The project came about as Lucasfilm decided that they needed to shake up the ongoing storylines: the long line of Expanded Universe novels followed the adventures of Luke Skywalker, Leia Organa Solo and Han Solo, but had largely been safe from any significant changes. The NJO was an opportunity to change that. The first novel, R.A. Salvatore’s Vector Prime, killed off Chewbacca during the initial invasion, and over the course of the 19 novels and associated other shorter works, Lucasfilm and its authors challenged the characters in a number of ways. Some significant characters met their ends, like Chewbacca and Anakin Solo (Han and Leia’s third child), while also introducing or developing new/newer characters, like Ganner Rhysode and Tahiri Veila.

The resulting series was both successful and controversial: its long length led many to feel that it meandered and lost focus (at several points, there were several novels that were written and then canceled, like Michael A. Stackpole’s Dark Tide: Siege, and Michael Jan Friedman’s Knightfall trilogy), while others felt that it was too grim and strayed too far away from the spirit of the franchise. But looking back, the NJO appears to be a landmark project not only in how it approached the world and characters, but how it shaped the projects that came after.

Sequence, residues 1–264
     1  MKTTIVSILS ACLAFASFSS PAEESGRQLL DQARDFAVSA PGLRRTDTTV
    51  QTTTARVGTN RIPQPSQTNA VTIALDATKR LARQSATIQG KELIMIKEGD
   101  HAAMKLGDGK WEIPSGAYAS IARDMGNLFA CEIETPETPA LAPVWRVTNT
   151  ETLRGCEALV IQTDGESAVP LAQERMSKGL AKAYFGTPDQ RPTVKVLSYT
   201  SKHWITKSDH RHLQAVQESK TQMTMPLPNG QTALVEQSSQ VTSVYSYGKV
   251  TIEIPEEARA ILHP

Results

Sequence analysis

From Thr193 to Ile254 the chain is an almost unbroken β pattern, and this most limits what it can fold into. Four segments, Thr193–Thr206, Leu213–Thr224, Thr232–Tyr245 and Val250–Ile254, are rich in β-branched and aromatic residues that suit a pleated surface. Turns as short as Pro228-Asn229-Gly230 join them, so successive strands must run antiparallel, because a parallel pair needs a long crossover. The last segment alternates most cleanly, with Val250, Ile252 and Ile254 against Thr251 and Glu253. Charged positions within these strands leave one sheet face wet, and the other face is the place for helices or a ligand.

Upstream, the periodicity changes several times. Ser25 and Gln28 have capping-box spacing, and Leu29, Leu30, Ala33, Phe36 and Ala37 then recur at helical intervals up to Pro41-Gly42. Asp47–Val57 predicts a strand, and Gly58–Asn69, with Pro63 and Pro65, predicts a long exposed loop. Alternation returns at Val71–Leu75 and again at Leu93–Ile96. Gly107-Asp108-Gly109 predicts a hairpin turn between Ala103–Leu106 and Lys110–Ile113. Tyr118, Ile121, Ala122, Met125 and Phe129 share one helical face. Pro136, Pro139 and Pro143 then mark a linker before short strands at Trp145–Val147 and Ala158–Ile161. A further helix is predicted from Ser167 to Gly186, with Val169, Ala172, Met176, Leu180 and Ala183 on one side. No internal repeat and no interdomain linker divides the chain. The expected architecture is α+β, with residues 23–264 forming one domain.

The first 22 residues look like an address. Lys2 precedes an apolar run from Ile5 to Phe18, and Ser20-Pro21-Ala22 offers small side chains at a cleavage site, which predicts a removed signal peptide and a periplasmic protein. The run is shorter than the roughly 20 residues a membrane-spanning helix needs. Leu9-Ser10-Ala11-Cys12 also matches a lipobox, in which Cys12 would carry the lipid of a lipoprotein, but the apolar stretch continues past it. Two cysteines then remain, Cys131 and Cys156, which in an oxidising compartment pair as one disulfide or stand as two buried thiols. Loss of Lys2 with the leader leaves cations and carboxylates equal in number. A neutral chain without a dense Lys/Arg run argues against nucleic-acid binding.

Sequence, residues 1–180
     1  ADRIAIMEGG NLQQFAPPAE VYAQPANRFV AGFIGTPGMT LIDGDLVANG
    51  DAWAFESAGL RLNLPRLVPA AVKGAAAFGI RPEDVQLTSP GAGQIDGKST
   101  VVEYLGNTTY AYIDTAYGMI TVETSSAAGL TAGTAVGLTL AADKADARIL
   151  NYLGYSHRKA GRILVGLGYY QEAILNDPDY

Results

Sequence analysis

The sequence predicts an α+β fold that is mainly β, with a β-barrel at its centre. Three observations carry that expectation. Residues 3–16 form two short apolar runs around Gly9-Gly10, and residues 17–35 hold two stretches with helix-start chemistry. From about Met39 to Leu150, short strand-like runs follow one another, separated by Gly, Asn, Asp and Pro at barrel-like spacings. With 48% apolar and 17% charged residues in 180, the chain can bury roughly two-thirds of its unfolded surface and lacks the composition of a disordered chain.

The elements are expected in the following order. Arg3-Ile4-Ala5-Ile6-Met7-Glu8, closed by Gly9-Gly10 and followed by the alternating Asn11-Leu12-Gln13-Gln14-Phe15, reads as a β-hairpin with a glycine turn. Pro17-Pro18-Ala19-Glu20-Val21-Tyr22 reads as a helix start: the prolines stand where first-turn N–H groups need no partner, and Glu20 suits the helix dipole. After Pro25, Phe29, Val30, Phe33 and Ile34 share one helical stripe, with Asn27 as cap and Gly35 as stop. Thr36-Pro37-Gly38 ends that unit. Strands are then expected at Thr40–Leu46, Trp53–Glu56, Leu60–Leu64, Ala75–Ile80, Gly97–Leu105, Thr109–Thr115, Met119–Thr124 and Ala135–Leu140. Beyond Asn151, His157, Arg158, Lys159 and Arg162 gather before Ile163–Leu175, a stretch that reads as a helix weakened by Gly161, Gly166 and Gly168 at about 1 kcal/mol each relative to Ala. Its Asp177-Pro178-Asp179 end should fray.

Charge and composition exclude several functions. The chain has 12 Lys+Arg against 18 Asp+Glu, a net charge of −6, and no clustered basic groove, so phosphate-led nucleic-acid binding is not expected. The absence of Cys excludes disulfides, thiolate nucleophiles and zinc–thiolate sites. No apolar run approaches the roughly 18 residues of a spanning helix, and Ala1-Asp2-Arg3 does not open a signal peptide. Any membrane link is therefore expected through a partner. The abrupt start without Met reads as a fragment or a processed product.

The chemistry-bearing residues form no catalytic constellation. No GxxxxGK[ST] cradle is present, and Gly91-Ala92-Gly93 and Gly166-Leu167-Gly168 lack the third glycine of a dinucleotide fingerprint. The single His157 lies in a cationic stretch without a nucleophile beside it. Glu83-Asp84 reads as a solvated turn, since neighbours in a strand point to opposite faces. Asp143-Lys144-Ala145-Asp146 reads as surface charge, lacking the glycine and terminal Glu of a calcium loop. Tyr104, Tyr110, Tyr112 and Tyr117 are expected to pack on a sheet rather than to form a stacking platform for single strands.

The successor series, such as Troy Denning’s Dark Nest trilogy, which took place in the aftermath and the nine-book Legacy of the Force series, felt as though they were more focused. Even the Clone Wars series set between Attack of the Clones and Revenge of the Sith, which saw crossovers between comics, novels, video games, and a TV series,  felt as though it was contributing to a more cohesive story that felt more like Star Wars than the NJO.

But despite the drawbacks, the NJO attracted millions of readers who were heavily invested in the characters and storylines, and who remained engaged with the franchise as a whole.


The High Republic

Star Wars: The High Republic book covers

On its face, Lucasfilm’s new initiative looks as though it shares a number of parallels with the New Jedi Order. The galaxy is enjoying an era of peace, which is shaken up by some sort of cataclysmic event that prompts the Jedi Order to take a greater role in protecting their home and the Republic.